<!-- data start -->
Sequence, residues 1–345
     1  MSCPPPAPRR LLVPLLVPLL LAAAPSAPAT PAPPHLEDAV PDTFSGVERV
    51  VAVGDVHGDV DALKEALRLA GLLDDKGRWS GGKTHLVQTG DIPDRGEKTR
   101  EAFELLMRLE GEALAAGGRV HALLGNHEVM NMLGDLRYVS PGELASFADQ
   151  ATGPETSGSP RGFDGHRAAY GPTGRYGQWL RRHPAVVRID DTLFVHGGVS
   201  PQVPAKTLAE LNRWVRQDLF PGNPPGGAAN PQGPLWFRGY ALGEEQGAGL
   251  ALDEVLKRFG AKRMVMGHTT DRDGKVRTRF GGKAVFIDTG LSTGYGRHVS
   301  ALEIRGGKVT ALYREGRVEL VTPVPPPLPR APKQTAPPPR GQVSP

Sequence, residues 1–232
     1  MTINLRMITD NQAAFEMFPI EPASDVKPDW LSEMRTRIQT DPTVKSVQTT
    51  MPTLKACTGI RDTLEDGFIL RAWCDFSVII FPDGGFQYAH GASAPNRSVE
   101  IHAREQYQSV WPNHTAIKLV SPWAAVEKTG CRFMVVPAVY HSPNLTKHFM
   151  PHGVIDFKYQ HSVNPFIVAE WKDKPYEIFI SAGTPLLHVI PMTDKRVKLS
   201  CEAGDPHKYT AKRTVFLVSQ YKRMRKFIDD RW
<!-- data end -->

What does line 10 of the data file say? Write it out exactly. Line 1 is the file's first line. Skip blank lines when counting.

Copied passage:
     1  MTINLRMITD NQAAFEMFPI EPASDVKPDW LSEMRTRIQT DPTVKSVQTT